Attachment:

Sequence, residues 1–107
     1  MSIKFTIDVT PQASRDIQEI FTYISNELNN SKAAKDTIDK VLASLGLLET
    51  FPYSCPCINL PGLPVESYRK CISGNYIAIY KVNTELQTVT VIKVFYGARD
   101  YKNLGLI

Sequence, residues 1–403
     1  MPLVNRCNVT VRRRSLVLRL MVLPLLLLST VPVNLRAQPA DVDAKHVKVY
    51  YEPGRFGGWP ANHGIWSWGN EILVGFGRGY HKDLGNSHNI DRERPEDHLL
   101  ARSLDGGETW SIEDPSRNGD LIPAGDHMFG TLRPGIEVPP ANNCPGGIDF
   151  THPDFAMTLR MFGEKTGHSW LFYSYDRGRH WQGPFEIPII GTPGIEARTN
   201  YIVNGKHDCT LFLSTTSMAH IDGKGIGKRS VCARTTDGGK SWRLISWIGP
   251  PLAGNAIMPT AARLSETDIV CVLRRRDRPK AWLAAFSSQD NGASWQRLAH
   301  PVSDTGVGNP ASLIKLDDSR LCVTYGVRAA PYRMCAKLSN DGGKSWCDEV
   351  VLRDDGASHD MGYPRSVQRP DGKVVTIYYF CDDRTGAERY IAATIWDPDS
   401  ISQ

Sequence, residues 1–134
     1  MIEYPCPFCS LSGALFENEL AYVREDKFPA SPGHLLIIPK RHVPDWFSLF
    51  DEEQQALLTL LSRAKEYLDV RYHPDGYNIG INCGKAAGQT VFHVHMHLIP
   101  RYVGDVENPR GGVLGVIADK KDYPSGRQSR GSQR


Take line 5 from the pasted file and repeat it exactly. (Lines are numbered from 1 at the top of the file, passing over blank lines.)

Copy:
Sequence, residues 1–403